(Mind at East, p 20-21)

We might suppose that with the realisation of emptiness, regardless if it's through Zen or Mahamudra, one attains the mentioned bliss. And that bliss, as noted earlier, is one of the four characteristics of buddha-nature. Since both systems agree that this bliss is not a feeling or emotion, the word "bliss" stands for the complete lack of "suffering" (duhkha), and that is the very meaning of nirvana.
1 Myriad dharmas are only mind.
Mind is unobtainable.
What is there to seek?

2 If the Buddha-Nature is seen,
there will be no seeing of a nature in any thing.

3 Neither cultivation nor seated meditation —
this is the pure Chan of Tathagata.

4 With sudden enlightenment to Tathagata Chan,
the six paramitas and myriad means
are complete within that essence.


1 Huangbo, T2012Ap381c1 2 Nirvana Sutra, T374p521b3; tr. Yamamoto 3 Mazu, X1321p3b23; tr. J. Jia 4 Yongjia, T2014p395c14; tr. from "The Sword of Wisdom"
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Re: Bliss in Zen (sukha)

Post by jundo cohen »

This is a very interesting thread.

I believe I have identified the source of my possible misunderstanding. DJ pointed me to a poem by "Saraha" and instructed that I should include the footnotes. The footnotes say at several points statements such as ...

Tantric Buddhism is particularly notable for its description of the ultimate as blissful (see, e.g., HT 1:8, 44, ST 33:22) and for cultivating techniques that stimulate and utilize bliss—including sexual bliss—to attain that ultimate. “Bliss” (Apa. suha; Skt. sukha) is roughly synonymous with such terms as ecstasy (Skt. a¯nanda), delight (Skt. ra¯ga), and rapture (Skt. sura). ... It is through such processes that various drops are activated and controlled, and blisses and ecstasies experienced. ... one moves the blissful drop that resides at the crown cakra up and down through the cakras of the central channel, and experiences various degrees of ecstasy ...

http://tsony.com/wp-content/uploads/201 ... ackson.pdf

That is what it says explaining the poem, and I see "bliss" being called a synonym for "esctasy, delight, rapture" and that one seeks to attain "various degrees of ecstasy" through use of Cakras and such. However, is this an incorrect reading, and the consensus here is that the footnotes are not correct? That is not an accurate description of Tibetan Buddhist use of the cakras, or this is actually not what Sahara meant by "bliss", so the footnotes are misleading? If so, I plead that as the source of my confusion. Is it possible that the footnotes are right after all, and that Sahara did mean states of "esctasy, delight, rapture" (or is it the case that even "esctasy, delight, rapture" do not mean "esctasy, delight, rapture" as normally experience?) Please inform and correct me, and I apologize if I misunderstand the footnotes to the poem.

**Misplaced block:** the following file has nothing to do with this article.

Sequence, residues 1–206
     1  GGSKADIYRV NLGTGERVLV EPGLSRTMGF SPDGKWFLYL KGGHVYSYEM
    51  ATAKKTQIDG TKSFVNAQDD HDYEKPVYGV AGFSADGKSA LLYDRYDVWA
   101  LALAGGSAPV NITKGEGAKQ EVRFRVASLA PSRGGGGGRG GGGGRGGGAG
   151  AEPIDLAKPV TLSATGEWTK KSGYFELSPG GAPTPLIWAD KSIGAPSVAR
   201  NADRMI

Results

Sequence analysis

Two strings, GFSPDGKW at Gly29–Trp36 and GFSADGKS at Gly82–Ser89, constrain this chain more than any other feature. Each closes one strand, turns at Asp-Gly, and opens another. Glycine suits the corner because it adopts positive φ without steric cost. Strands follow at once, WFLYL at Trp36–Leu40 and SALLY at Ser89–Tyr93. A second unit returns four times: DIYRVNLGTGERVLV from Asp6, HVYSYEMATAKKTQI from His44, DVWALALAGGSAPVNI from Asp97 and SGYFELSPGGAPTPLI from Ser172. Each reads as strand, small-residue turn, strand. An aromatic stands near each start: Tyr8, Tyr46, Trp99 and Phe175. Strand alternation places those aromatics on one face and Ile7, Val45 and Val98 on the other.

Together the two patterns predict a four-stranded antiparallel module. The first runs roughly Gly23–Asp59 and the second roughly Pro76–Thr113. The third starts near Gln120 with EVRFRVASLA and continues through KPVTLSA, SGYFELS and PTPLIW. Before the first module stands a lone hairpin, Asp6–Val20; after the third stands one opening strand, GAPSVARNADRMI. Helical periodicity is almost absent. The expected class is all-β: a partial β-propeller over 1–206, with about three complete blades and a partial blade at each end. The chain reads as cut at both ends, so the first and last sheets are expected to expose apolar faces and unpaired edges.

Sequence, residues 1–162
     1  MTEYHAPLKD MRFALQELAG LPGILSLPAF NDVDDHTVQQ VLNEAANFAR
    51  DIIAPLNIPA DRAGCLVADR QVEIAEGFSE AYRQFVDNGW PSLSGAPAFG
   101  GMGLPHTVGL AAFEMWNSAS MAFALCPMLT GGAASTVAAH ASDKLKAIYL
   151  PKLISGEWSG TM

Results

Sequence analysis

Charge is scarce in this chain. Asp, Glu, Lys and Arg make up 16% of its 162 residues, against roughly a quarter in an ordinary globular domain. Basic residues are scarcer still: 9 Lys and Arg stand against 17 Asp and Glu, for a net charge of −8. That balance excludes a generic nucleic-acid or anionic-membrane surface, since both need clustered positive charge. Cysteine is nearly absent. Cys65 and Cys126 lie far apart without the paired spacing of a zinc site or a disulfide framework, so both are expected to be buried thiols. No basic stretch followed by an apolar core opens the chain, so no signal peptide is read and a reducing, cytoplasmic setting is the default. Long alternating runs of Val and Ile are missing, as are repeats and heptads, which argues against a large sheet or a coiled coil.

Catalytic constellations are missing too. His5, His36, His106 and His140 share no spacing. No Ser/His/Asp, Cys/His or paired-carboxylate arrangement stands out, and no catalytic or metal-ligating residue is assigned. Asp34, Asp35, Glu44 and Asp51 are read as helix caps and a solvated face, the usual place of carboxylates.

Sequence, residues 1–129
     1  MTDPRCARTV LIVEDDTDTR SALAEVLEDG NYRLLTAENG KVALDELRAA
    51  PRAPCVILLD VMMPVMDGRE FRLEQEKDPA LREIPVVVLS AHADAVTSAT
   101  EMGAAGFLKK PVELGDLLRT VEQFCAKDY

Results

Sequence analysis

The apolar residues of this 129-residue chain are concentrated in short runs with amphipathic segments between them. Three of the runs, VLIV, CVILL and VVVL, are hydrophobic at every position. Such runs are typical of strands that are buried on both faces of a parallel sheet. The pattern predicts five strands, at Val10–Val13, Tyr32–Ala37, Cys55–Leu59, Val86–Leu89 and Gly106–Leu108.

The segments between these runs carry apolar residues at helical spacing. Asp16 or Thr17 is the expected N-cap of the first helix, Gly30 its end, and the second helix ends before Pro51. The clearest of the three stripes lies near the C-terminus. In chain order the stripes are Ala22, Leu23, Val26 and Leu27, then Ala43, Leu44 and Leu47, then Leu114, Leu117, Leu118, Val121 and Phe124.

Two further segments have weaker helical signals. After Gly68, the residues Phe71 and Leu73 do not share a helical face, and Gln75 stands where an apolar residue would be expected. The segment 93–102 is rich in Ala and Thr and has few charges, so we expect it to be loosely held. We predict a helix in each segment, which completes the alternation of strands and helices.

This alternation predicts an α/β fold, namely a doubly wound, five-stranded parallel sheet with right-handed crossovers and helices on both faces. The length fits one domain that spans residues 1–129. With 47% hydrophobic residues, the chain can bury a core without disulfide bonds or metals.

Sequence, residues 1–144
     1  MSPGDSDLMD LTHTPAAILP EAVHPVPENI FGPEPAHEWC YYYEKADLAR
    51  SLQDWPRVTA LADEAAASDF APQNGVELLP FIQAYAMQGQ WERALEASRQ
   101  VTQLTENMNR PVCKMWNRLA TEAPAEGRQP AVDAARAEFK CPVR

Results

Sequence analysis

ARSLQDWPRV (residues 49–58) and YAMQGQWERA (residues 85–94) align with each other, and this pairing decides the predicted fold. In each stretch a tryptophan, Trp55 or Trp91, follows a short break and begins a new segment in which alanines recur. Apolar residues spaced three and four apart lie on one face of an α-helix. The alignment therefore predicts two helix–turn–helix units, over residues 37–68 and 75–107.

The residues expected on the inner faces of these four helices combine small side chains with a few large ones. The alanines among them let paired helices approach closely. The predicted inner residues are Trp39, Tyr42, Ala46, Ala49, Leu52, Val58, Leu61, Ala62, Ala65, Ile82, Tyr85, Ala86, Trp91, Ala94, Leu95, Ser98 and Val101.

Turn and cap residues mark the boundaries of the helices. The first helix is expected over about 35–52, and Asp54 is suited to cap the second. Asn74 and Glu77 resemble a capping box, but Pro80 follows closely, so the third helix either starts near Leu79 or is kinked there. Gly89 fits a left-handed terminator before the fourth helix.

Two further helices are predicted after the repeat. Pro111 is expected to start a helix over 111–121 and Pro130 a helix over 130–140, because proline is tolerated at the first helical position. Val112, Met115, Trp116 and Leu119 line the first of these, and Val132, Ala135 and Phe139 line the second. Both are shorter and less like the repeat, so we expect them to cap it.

The subtle forms of "bliss" being described by some in this thread seems more right on the money to me, if that is what Sahara meant. Shikantaza is perhaps better described as a "to the bone mirror-like equanimity" as the borders and frictions between the self and non-self drop away. That sounds more like Tom describes as "ease" ... although I would call it a Big E Ease because of the transcendence of subject-object. As I have usually heard taught in Soto circles these days, "Sukkha" is the wheel that spins freely without friction, the converse of Dukkha (although as I usually say, from a Soto view, we may actually find that "Sukkha" is so "Sukkha", that "Dukkha and Sukkha" are not two, and Sukkha is discovered so much at the heart of Dukkha that, while Dukkha remains it is no longer the friction and lack of satisfaction of "Dukkha" as it was before ... mountains are mountains again).